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What Makes a Successful Online Community?

Lori Halley 17 March 2009 1 comments

A successful online community can pay off in increased word of mouth (35%), more brand awareness (28%), bringing new ideas into the organization faster (24%) and greater customer loyalty (24%), according to the 2008 Tribalization of Business study by Beeline Labs, Deloitte, and the Society for New Communications Research, which surveyed more than 100 business with online communities.

That the greatest value of an online community lies in “communications-based objectives” — in forging bonds between the organization and its members/users — shouldn’t come as a surprise.

successful online community objectives

Arguably, it’s the members’ level of engagement with an online community that determines whether that community will flourish or fail, not the technology “bells and whistles” of the community’s website. After all, a vital online community can be created across multiple platforms — cross-pollinating your organization’s blog with an online discussion forum, reaching out into Facebook and other social media, and so on.

In fact, the 2008 Tribalization of Business study found that the greatest obstacles to making a online community work are not issues related to technology. Rather, it reports, the success of an online community depends on attracting people to the community (34%) and getting them involved in it (51%), and finding enough time to manage the community (45%).

Similarly, the features cited as most important to an effective online community also focus on “people giving and getting help” — the social aspects of community:

• Ability for community members to connect with other like-minded people: 54%
• Ability for members to help others: 43%
• The community is focused around a hot topic or issue: 41%
• Quality of the community manager/community management team: 33%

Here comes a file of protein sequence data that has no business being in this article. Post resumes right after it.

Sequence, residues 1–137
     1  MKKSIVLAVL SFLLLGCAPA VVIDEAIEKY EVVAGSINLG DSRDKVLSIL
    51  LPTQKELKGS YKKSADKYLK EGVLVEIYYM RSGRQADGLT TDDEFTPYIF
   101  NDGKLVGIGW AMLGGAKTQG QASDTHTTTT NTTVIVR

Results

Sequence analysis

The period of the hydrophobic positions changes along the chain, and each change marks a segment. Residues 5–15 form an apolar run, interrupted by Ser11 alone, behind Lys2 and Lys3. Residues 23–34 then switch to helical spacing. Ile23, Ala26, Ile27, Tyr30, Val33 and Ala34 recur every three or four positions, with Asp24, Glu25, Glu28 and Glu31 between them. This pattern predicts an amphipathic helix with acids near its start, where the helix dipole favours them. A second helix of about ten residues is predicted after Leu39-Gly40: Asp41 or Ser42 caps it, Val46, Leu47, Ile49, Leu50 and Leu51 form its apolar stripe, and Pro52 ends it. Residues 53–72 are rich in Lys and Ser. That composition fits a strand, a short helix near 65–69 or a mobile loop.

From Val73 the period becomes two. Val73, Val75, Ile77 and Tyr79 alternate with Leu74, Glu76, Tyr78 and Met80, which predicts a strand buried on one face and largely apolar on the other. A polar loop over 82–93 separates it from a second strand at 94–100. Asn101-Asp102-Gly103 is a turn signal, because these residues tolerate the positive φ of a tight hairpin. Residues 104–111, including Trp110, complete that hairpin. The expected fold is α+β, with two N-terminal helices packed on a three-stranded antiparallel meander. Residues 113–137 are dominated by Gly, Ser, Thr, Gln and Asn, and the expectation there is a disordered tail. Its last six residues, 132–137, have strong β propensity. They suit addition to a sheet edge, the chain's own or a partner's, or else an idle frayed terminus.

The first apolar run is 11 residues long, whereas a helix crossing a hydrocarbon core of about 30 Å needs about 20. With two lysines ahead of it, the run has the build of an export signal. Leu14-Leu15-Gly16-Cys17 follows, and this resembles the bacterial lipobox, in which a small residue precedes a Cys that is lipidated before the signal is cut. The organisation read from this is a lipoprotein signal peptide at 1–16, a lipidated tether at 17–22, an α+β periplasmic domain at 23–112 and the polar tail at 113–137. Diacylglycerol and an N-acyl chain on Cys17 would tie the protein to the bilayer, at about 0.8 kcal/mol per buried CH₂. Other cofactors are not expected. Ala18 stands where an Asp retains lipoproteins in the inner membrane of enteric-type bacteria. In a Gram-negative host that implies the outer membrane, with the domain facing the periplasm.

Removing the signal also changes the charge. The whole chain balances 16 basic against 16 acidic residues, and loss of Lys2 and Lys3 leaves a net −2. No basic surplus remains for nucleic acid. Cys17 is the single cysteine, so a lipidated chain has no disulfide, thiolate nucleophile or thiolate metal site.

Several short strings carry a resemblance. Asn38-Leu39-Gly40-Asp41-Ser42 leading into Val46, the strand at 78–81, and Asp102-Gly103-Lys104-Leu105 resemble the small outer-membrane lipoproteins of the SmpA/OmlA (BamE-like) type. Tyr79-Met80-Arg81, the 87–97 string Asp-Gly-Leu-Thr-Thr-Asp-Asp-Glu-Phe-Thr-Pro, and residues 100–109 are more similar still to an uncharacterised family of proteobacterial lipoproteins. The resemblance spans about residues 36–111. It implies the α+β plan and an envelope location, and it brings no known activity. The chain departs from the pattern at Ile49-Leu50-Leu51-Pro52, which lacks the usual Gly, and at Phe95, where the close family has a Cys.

successful online community features

The benefits that can come from building an online community for your organization are clearly defined, and the features that contribute most to making it work — but how do you go about measuring whether a community is successful?

“One interesting discovery was the apparent inconsistency between what organizations set as goals and what they actually measure,” said Francois Gossieaux, a partner at Beeline Labs, and Senior Fellow with the Society for New Communications Research.

The top business measures being used are:

• Greater awareness: 49%
• Number of new ideas from the community: 41%
• More referrals: 28%
• Increased sales attributable to the community: 26%

The top analytic measures included:

• Number of visitors: 63%
• Number of “active” users: 58%
• How often people post/comment: 57%
• Number of registered users: 49%
• How often people visit: 45%

Note the “disconnect” there!

online community success metrics

Survey participants said that their main objectives were to generate word-of-mouth marketing and to build customer loyalty, but what they’re mostly measuring is the number of visits to the community website.

The 90-9-1 rule suggests that an online community looks a lot like an iceberg: only the 1% tip of your membership will be involved in actively creating content, while 90% of visitors are satisfied simply to “lurk” and read.

Assuming that's the case, would it be more informative to measure the activity of the 1% creators — to track the comments on your blog, for example, or the number of new threads in your forum — and discount the passive audience? 

Or should you focus on the standard traffic analytics, like numbers of visitors and page views, more reflective of the 90% who aren’t engaged with your community in an active role?

Or perhaps there are other, more accurate ways to track the effectiveness in reaching your goals…

How do you define (and measure) “success” for your online community?

Lori Halley [Engaging Apricot] Lori Halley [Engaging Apricot]

Posted by Lori Halley [Engaging Apricot]

Published Tuesday, 17 March 2009 at 3:58 PM


  • Lynda Mitchell said:

    Thursday, 19 March 2009 at 3:40 AM

    We have a very active online community, most of whom are non-posting members.  It would be a mistake to discount the non-posting audience or their needs. I've found many of them to be the ones who find great value in our community even though they actively do not participate. Some of our non-posting members are among our larger donors and our greatest "evangelists" spreading the word about our nonprofit to others.


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